Here are all the races still uncalled as control of the Senate hangs on 2 states — and a possible Georgia runoff cut

Here are all the races still uncalled as control of the Senate hangs on 2 states — and a possible Georgia runoff cut

The Senate comes down to two key swing states — and possibly a runoff

Democrat John Fetterman flipped Pennsylvania early Wednesday morning, giving his party 48 seats, while Sen. Ron Johnson (R-Wis.) secured re-election late Wednesday morning. That gives Democrats 48 seats and Republicans 49 — meaning whichever party wins two of the three at-large contests in Arizona, Georgia — which is headed for a runoff — and Nevada will control the Senate.

Arizona and Nevada are the biggest question marks, with significant votes still to be counted in both states. If either party sweeps those two states, it will take control of the Senate regardless of what happens in Georgia next month.

Democratic Sen. Catherine Cortez Masto faces Republican Adam Laxalt in Nevada. Laxalt leads with more than 70 percent of the expected votes counted. But the state still has a long way to go, and Laxalt’s lead is slim because of a glut of potentially Democratic-leaning extraordinary ballots. Nevada’s two most populous counties — Democratic-leaning Clark County, home of Las Vegas, and Washoe County, home of Reno — have at least tens of thousands of ballots remaining to be counted.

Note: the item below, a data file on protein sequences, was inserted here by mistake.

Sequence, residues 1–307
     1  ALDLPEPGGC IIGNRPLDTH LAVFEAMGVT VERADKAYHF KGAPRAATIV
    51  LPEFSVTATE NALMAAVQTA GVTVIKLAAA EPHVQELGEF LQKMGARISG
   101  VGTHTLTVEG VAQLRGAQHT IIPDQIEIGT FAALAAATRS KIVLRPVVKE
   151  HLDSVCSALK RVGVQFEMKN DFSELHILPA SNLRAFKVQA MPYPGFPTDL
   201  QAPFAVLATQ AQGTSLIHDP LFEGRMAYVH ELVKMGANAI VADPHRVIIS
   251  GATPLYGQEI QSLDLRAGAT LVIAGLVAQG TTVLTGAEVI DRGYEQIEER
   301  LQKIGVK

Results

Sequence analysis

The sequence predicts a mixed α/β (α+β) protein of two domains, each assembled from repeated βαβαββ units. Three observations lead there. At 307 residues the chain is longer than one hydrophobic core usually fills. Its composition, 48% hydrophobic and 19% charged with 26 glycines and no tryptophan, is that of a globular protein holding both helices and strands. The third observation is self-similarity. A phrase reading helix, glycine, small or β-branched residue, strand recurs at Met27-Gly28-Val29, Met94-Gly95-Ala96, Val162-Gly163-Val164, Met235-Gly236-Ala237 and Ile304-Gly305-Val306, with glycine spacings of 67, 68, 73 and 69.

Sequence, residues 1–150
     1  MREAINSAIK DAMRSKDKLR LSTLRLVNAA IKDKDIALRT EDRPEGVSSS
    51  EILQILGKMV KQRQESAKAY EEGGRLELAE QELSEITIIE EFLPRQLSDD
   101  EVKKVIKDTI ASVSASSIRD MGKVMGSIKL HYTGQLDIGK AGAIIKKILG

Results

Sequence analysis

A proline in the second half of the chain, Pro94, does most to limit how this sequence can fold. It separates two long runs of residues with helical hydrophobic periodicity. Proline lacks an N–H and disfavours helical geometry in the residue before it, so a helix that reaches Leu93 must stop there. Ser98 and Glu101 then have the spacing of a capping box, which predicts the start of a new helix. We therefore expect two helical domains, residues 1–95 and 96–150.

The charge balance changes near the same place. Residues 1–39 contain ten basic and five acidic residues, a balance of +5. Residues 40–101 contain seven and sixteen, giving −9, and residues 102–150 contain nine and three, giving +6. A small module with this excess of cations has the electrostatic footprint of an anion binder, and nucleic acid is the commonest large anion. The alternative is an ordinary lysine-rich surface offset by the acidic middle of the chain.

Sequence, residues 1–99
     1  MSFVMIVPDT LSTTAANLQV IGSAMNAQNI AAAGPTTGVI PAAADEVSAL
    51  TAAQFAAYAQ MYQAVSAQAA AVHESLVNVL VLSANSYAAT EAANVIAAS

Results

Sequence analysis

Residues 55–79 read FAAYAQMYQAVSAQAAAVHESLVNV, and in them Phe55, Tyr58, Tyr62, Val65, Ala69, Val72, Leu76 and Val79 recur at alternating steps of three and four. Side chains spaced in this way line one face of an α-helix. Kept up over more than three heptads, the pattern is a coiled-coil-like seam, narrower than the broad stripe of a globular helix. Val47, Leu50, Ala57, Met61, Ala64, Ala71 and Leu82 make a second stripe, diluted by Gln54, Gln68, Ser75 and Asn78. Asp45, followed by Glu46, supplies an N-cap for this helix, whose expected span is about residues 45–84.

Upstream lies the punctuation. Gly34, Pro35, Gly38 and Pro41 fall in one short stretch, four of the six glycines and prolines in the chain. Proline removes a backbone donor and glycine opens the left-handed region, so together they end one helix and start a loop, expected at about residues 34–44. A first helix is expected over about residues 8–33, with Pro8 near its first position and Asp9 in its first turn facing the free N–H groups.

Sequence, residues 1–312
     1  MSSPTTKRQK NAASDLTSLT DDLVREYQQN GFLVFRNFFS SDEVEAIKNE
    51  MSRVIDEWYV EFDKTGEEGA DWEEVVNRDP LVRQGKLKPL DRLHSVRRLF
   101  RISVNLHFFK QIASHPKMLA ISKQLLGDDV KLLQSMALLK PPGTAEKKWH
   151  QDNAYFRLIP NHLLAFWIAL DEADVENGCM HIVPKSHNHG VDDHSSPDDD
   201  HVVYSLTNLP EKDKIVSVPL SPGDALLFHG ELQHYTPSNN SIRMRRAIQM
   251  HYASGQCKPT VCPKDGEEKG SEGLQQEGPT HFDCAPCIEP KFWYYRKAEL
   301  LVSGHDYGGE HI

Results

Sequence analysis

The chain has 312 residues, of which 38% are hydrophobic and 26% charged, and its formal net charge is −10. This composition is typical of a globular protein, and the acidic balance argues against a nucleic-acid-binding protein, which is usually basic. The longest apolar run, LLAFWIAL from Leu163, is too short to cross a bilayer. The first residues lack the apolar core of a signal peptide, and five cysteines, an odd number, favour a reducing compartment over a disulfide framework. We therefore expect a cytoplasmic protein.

Clark County Registrar of Voters Joe Gloria, the chief elections official there, said at a news conference Wednesday afternoon that 14,718 ballots will be reported tonight and that the county plans to release the results of a new tranche of vote counts once a day going forward.

The votes to be announced later tonight are from ballots that were picked up from drop boxes on Monday or delivered by the United States Postal Service on Tuesday.

An additional 12,700 ballots were received from post office clerks on Wednesday and will be processed later this week. Nevada ballots that are USPS postmarked by Election Day but delivered to election officials by Nov. 12 will also be counted.

Gloria added that “there is a considerable amount” of ballots that were deposited in the ballot boxes on election day and that need to be processed, but he did not have a specific number. All personal votes on election day are tallied.

Similarly, officials in Washoe County have to count many, many ballots. As of Wednesday morning, officials there must count 39,000 ballots received before Election Day, along with 18,000 ballots received Tuesday — as well as properly marked ballots arriving over the next few days. KRNV reported. And rural, red counties also still have thousands of ballots to count, the Las Vegas Review Journal reported.

Arizona, too, still has a lot of votes. Democratic Sen. Mark Kelly has the lead, and his lead over Republican Blake Masters is expected to shrink dramatically — but not erode completely. By early Wednesday morning, about 60 percent of the votes had been counted in the state.

Election officials there have long warned that this would be the case. In Maricopa County, the state’s largest county, mail-in ballots returned before Election Day will not be counted until Wednesday. Maricopa Recorder Stephen Richer, the county’s chief election officer, he tweeted on Wednesday that hundreds of thousands more votes should be counted in the most populous district in the country.